How to avoid vitamin B6 deficiency
It may be hard to imagine that we don’t get enough nutrition despite an abundance of food available 24/7. But it’s true. Here's how to avoid vitamin B6, one of the top five nutrients many of us need more of.
How can we be nutrient deficient with so many foods fortified with vitamins and minerals? The types of food Americans choose most of the time are not packed with nutrition. In fact, according to the CDC, only a small portion (food pun here!) of the U.S. has a diet that meets their nutritional needs. Close to one-third of Americans are deficient in one or more vitamins and minerals, or have anemia.
Avoiding vitamin B6 deficiency starts with food
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The difference is startling. Those who eat a well-balanced diet show a 16% lower risk of being deficient in any vitamin or mineral. But among those eating a less nutritious diet, 57% may have a nutrient deficiency. This cuts across many different populations. The chance of a deficiency is stronger in women, Blacks, under or higher weight and older individuals, and low-income households.
Should you be concerned about being low in one or two vitamins or minerals? In a word, yes. That’s because vitamins and minerals are essential for optimal health. Being low may not cause immediate symptoms, but it puts you at risk for many serious diseases that can affect your brain, heart, blood, immune system, metabolism, bones, mental health. We also see a link between this deficiency and a higher risk of stomach cancers and esophageal cancers.
Is there a link between vitamin B6 and breast cancer? Unfortunately, yes. Women who have a higher amount of vitamin B6 show a 29% lower risk of breast cancer in postmenopausal women. This effect was not seen in premenopausal, women.
Nutrients are key pieces to keeping all of your systems in good working order. Missing just one or two pieces can throw off the delicate balance you need to be healthy and feel great. That’s because most nutrients don’t have just one vital role to play within the body, they play many, many vital roles.
How would you even know if you’re at risk for a nutrient deficiency? It’s not always obvious. Sometimes symptoms aren’t felt for a long time and sometimes they’re very vague and non-specific. For example, fatigue, irritability, aches and pains, decreased immune function, and heart palpitations can be signs of many things, including a nutrient deficiency.
This article goes over the most commonly deficient nutrient—vitamin B6—and some of the more obvious symptoms, along with foods that are high in the vitamin so you can get enough.
Vitamin B6 deficiency
The most common nutrient deficiency in the US is vitamin B6. Those particularly at risk for vitamin B6 deficiency include older adults. This vitamin is important for your blood, brain, and metabolism.
Vitamin B6 helps the formation of hemoglobin in the blood (the part that carries oxygen around). It also helps to maintain normal levels of homocysteine (high levels of homocysteine are linked with heart disease).
This vitamin plays an important role in the production of neurotransmitters (chemical messengers allowing nerve cells to communicate with each other). Not to mention the fact that it’s also involved with over 100 enzyme reactions in the body, mostly for metabolism.
Some of the main symptoms of a serious deficiency in vitamin B6 includes confusion, convulsions, and a type of anemia called “microcytic” anemia. Symptoms of a less serious deficiency are no less serious. They include increased risks for heart disease and Alzheimer’s.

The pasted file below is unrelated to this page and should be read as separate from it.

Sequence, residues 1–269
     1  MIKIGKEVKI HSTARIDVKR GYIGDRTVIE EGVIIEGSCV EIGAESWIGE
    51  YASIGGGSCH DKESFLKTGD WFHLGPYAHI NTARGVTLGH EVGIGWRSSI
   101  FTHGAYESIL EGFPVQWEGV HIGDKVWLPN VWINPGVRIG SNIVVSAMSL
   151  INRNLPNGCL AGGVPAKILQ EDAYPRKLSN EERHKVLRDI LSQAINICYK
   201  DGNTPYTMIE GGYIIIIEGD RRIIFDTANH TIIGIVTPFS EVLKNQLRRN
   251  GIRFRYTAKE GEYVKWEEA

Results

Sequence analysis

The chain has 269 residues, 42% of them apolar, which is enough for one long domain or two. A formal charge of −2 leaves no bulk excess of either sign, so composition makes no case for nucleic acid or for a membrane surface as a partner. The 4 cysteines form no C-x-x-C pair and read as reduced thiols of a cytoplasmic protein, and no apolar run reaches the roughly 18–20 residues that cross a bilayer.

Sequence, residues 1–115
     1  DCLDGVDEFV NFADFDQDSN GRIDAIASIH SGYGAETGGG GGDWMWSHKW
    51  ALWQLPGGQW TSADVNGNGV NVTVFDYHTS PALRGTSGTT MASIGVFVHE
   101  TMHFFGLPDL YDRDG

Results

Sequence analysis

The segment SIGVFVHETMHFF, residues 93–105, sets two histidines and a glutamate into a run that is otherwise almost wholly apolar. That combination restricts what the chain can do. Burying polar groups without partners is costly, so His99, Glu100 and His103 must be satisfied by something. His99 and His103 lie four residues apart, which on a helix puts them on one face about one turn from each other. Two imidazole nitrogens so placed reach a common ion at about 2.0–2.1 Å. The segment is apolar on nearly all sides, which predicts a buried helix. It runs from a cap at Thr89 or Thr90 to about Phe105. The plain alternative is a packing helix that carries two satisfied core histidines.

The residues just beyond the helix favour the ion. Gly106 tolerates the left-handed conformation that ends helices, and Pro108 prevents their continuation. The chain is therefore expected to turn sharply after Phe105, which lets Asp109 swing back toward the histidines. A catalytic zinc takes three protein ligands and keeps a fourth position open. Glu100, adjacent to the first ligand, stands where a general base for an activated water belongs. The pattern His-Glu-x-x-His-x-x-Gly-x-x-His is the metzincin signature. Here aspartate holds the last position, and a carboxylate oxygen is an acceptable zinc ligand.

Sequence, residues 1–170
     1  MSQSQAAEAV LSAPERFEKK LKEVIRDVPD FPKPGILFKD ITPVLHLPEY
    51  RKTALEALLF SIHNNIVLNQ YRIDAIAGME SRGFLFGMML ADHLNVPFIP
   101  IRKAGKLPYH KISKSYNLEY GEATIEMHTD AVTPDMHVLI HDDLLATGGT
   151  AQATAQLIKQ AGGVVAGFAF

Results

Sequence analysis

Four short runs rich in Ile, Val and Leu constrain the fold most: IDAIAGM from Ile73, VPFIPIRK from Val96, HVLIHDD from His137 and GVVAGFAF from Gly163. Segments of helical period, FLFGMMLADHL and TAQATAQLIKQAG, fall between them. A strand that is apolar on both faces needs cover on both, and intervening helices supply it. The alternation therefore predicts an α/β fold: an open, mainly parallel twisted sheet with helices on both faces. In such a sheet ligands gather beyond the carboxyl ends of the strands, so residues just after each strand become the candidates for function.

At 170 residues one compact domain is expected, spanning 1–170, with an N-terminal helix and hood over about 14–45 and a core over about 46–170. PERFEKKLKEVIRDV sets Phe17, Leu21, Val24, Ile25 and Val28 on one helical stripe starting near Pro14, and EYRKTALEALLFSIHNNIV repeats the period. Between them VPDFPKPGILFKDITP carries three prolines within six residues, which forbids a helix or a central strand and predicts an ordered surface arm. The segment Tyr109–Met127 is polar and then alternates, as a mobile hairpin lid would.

But being deficient in vitamin B6 is also linked to inflammation, depression, and some cancers. Chronic inflammation may increase the destruction of vitamin B6 in the body. Chronic inflammation is also linked to breast cancer. (See my previous blog post, Foods that fight inflammation and breast cancer.) These wide-ranging health effects are why vitamin B6 is so essential for health.
A spinach salad may hold the key to avoiding a vitamin B6 deficiency
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These are the foods to avoid vitamin B6 deficiency
Vitamin B6 is found in different amounts in all food groups. People who eat high-fiber cereals tend to have higher levels of the vitamin because cereals are often fortified with it.
Vitamin B6 is also found in high quantities in plant foods such as avocado, spinach, non-citrus fruits (e.g., bananas), beans, and other non-starchy vegetables. Potatoes are one of the best sources. The vitamin is also found in various animal-based foods including white-meat turkey and chicken, and salmon.
Supplements are usually unnecessary, unless medically appropriate, and may have risks with long-term use. The RDA for vitamin B6 is 1.3 mg daily for all genders ages 19-50 years old. More is necessary for those over 51, and pregnant and breast feeding women.
Up to one-third of people in the US are at risk for at least one nutrient deficiency. Most commonly, that deficient nutrient is Vitamin B6, but there are also many people deficient in vitamins B12, C, and D, as well as the iron mineral. Vitamins and minerals are essential nutrients because everybody needs them on a regular basis for good health. Lacking in any one nutrient can have far-reaching consequences.
Eating a nutrient-rich diet with a variety of foods can help everyone achieve their health and nutrition goals. Want inspiration on how to meet your health goals through a nutritious diet? Book an appointment with me to see if my service can help you.
If you’d like a strategy designed to help you meet your nutritional needs, enrollment is now open for my self-paced courses, Take your next steps to your best health after breast cancer.